Child protection in England Care proceedings
If the local authority believes that a child is at risk of significant harm they may decide that it's necessary to take the child into care to help keep them safe.
Unless the level of risk requires the courts to get involved immediately, care proceedings will only start after extensive efforts to keep the child with their family. If these efforts have failed then the parents will be invited to a pre-proceedings meeting as a final attempt to avoid going to court.
A pre-proceedings meeting takes place between the local authority, the parents and the parents' lawyer to discuss with the parents how they can change the way they look after their child and what support and help is needed from the local authority.
If both sides agree, they will write a formal agreement that both the parents and the local authority have to follow. If parents don't agree to the changes, or don't follow the agreement, the local authority will probably ask the court to take the child into care.
If the courts agree that it's necessary, they can make an order giving the local authority parental responsibility for a child.
Parental responsibility is a set of legal rights and responsibilities, including making sure a child has somewhere to live, is looked after, and kept safe.
Parental responsibility gives the right to make important decisions about a child's life like:
- who looks after them
- where they live
- how they are educated.
Legal definitions for the 4 nations:
Going to court
Care proceedings are usually held in the Family Court and more complex cases may be held in the High Court. The court will make sure the child has a children's guardian. The guardian's job is to look after the child's interests. If the child is judged to be mature enough they will also be allowed to appoint their own solicitor to represent their wishes.
The child's social worker will make a care plan to help the court decide how the child should be cared for.
Before a child is taken into care the local authority will produce a plan for the future care of the child. The parents and the child should be involved in developing the care plan (also known as a child plan in Scotland).
The plan should show how the child’s needs would be met in care, including their health, education and contact with family members.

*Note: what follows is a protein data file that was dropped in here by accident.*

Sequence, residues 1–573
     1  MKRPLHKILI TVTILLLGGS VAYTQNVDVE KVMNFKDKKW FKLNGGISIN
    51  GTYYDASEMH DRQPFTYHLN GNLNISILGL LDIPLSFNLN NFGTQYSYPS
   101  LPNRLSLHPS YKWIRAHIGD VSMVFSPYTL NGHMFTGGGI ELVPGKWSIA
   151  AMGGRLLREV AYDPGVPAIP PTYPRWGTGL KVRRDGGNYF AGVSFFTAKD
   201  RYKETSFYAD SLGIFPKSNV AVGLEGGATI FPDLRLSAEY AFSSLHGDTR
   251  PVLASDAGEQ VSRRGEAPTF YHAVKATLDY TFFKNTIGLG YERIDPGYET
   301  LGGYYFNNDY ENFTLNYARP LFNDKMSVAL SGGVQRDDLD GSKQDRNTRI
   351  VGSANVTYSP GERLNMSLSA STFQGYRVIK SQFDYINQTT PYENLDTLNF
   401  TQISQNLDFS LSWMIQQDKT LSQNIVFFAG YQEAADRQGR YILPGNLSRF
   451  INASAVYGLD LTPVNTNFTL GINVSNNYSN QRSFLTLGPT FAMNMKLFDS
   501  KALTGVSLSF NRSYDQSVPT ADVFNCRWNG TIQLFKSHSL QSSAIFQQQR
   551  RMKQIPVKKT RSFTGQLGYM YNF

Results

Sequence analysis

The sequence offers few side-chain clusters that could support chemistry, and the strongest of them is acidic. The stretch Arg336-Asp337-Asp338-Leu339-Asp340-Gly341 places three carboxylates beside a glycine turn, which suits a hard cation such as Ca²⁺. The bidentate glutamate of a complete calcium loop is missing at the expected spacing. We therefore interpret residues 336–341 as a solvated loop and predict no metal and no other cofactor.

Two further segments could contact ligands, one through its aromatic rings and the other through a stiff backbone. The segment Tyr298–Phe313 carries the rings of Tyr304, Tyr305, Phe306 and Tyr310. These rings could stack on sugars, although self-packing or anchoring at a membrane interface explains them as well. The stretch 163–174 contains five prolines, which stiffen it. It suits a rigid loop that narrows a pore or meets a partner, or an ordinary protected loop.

Legal definitions for the 4 nations:
At the first (initial) hearing the court may decide that a temporary (interim) care order is needed to set out what should happen to the child during proceedings:
The first step is usually to apply to the courts for an interim care order. An interim care order is awarded for 8 weeks. It must be renewed every 4 weeks. This will allow time for matters to be investigated further and plans to be made. The Trust will produce a care plan. This will detail:
- where the child will live
- arrangements for attending school
- arrangements for seeing parents.
In some cases the child may continue living at home with the parents under specified conditions. However, if the conditions aren't met then the Trust is able to intervene without having to obtain a separate care order.
The judge will decide how long the interim care order will last and how often it will be reviewed.
If social services think a care order is necessary they will ask the court for a full care order to be made. The court will only make a full care order if they are convinced that the threshold criteria is met:
- the child is suffering, or is likely to suffer, significant harm
- making an order would be better for the child than making no order at all (presumption of "no order")
and, that harm is due to either
- the care the child is receiving or likely to receive if the care order isn't made
- or, the child is beyond parental control.
A care order gives the local authority parental responsibility for a child. Parental responsibility is shared with the parents, but the local authority has the power to decide how much involvement a parent should have with their child and how far the parents can use their parental responsibility.
Once a care order has been made, the child's care plan will be carried out.
If the local authority believes adoption is the best option for a child, the court can make a placement order. This allows a child to be placed with prospective adopters prior to an adoption order.
An adoption order transfers parental responsibility to the adoptive parents. It is only made by a court following extensive enquiries. The sole criteria for deciding if the order should be made, is the best interest of the child.
At the point of the adoption the care order ends and the adoptive parents take over sole parental responsibility.
Unless an adoption order is made or the child returns home, care orders last until the child turns 18. Local authorities have a duty to continue to promote the welfare of care-leavers until the age of 21.
Except in the most complicated cases, care proceedings should take no longer than 26 weeks. If necessary the court can extend the case for up to eight weeks at a time.
See our children in care pages for more information.
Children in care
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